independence day/ except for if you’re gay/
and i love my country/ and i love this day/
but hey/ you didn’t want me to march today.
August 15, 2009 marks the 63 anniversary of India’s freedom from British rule. Delhi is emblazoned with flags, politico big wigs ready to speechify. New York City will celebrate with its annual India Day Parade down Madison Avenue, where cultural pride overflows like overpoured chai into floats, sound systems, and luminaries. Though just weeks ago, the South Asian Lesbian and Gay Association (SALGA) essentially led the New York City Pride march, with thousands of onlookers reveling in our style, our culture, our music, all of our pride, SALGA was denied permission to march in the India Day Parade.
The parade website, created by the Federation of Indian Associations (FIA), pops with racy hued pics of Desi stars and poses the question, “What’s common between Shilpa Shetty and Jay Sean? Both of them have made India proud. And both of them are going to walk for their motherland. The question is: Are You?”
If you happen to identify as gay, lesbian, queer, transgender, or two-spirit, the answer is: No. No, you can’t march in the India Day Parade.
Author Minal Hajratwala says, “the India Day Parade happening this Sunday in Manhattan has excluded the South Asian Gay Lesbian Association (again).”
I mean, we’re still going to march. SALGA will be joining the leadership organization, Sakhi in the parade. So no, we will not be denied the opportunity to “make India proud.” And no, we will not be excluded from the chance to “walk for the motherland.” Really, who knows how to walk better than we do?
My homegirl Barnali Ghosh called up Dipak Patel, president of the tri-state FIA, the organizers of the New York FIA Day Parade. “He said ‘anyone is welcome to march,’ but quickly clarified that there was a process for organizations wanting to march, likening it to that of a college where some ‘some people get in, some people don’t.'”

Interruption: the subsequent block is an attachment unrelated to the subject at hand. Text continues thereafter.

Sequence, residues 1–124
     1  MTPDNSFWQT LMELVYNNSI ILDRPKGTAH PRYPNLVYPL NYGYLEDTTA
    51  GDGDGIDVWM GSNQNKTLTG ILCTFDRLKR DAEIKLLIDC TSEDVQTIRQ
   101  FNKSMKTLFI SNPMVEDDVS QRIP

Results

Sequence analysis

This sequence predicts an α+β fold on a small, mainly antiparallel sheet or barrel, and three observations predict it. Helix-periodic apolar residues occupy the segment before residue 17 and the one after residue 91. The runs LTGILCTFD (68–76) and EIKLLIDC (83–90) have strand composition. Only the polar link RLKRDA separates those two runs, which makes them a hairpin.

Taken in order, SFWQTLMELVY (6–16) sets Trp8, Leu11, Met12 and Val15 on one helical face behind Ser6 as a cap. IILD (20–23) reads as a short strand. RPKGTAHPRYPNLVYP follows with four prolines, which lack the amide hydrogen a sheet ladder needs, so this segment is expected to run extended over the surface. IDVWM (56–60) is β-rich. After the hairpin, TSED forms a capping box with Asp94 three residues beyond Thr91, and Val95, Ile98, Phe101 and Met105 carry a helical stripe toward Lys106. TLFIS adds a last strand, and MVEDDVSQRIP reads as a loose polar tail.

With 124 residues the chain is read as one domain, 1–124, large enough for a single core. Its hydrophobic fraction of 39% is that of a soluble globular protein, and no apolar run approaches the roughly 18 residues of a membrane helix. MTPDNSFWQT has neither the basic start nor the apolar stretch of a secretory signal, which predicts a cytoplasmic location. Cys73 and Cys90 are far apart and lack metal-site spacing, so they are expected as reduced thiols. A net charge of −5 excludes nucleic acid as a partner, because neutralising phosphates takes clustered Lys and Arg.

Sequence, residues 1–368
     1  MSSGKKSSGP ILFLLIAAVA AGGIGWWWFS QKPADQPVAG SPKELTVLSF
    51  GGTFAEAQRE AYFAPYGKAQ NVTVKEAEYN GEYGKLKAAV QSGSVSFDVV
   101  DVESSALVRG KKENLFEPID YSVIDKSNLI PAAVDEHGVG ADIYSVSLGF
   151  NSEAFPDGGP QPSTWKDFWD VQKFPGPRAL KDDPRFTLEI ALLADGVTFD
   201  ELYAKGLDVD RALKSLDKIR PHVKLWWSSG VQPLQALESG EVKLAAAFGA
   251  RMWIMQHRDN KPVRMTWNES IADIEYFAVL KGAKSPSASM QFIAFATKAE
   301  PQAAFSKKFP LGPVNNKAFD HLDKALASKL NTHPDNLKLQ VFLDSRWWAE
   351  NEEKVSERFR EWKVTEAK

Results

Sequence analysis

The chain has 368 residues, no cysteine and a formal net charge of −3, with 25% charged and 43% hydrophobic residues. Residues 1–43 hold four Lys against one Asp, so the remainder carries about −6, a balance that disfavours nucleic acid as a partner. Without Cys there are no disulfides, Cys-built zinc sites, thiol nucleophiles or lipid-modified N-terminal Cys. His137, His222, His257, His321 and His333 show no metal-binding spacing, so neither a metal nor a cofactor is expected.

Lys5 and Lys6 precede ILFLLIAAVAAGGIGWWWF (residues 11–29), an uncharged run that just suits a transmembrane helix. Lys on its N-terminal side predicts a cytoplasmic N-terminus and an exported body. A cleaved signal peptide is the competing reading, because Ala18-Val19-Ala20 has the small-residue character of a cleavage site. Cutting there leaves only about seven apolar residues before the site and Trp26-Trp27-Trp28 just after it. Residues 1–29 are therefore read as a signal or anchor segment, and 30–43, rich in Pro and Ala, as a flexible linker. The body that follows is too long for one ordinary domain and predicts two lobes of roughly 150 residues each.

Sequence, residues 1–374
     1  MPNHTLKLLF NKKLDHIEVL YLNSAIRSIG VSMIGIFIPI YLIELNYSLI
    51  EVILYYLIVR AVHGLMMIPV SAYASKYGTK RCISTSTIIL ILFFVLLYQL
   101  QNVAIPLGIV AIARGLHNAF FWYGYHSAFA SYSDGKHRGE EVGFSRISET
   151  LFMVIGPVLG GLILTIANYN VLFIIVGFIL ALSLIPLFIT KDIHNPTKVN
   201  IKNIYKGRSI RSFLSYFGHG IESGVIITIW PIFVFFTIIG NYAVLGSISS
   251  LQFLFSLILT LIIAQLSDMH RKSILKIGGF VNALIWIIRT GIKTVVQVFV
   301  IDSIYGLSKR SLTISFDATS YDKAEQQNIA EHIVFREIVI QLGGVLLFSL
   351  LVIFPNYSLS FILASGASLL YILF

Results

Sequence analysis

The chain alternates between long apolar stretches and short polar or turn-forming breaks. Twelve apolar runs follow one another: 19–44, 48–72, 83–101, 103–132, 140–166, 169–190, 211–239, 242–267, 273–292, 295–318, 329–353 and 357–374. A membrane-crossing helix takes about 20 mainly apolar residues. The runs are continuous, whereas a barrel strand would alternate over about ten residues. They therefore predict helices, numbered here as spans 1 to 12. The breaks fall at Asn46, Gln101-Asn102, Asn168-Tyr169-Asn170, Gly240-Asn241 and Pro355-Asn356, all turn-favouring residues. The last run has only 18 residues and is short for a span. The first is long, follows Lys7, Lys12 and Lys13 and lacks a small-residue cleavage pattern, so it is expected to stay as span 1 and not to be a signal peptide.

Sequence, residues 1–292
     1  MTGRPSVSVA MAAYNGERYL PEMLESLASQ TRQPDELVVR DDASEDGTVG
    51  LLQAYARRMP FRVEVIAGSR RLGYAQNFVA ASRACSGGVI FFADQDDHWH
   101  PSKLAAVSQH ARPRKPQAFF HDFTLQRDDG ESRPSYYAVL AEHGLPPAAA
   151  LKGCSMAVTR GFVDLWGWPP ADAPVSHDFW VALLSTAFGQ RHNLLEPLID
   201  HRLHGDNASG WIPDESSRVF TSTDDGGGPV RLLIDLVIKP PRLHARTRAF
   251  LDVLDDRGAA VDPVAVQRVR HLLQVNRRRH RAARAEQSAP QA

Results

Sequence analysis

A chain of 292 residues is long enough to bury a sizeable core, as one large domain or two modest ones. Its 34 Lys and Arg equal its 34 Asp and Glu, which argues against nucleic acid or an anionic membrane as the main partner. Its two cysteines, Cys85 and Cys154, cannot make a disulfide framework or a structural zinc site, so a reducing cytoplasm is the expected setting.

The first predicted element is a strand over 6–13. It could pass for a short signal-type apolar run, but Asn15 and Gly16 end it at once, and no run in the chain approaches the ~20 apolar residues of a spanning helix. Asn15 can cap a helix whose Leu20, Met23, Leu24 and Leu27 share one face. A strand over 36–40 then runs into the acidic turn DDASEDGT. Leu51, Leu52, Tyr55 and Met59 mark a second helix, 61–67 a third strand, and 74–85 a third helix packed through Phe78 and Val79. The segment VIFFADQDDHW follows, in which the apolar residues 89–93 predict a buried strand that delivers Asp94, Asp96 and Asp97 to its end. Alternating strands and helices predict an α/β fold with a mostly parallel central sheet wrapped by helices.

Sigh. They just don’t get it. We shoot ourselves in the foot when we limit what it means to be Desi. Parade organizers have no idea what their missing out on when they exclude the LGBT community.
Excluding gays from the India Day Parade is bad for PR, bad for cultural goodwilll, and bad business.
Desi visibility is on the rise, but it comes at a price, so we must chose to set expansive terms for this visibility. Otherwise we give up core aspects of our culture in exchange for a little bit of shine. And then, truly, whats the point? Our ancient culture dictates inclusion as the rightful norm. Spiritual texts, classic sculptures, they all point to LGBT integration and leadership. We should grab hold of what we knew, be courageous enough to still know it now, and open our diasporic arms to fulfill the economic, political AND cultural promise of globalization.
Integration of LGBT Indians in the India Day Parade will build more goodwill towards our diaspora, and isn’t that a primary goal? I say, yes.
Stay tuned for pics from the parade tomorrow.